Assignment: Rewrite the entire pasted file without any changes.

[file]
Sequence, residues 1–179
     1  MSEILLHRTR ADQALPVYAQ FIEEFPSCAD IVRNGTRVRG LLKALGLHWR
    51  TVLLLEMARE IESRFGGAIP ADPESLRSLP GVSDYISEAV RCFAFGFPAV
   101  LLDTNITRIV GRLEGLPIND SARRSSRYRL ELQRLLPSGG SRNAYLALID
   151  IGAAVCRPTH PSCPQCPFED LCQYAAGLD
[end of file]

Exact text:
Sequence, residues 1–179
     1  MSEILLHRTR ADQALPVYAQ FIEEFPSCAD IVRNGTRVRG LLKALGLHWR
    51  TVLLLEMARE IESRFGGAIP ADPESLRSLP GVSDYISEAV RCFAFGFPAV
   101  LLDTNITRIV GRLEGLPIND SARRSSRYRL ELQRLLPSGG SRNAYLALID
   151  IGAAVCRPTH PSCPQCPFED LCQYAAGLD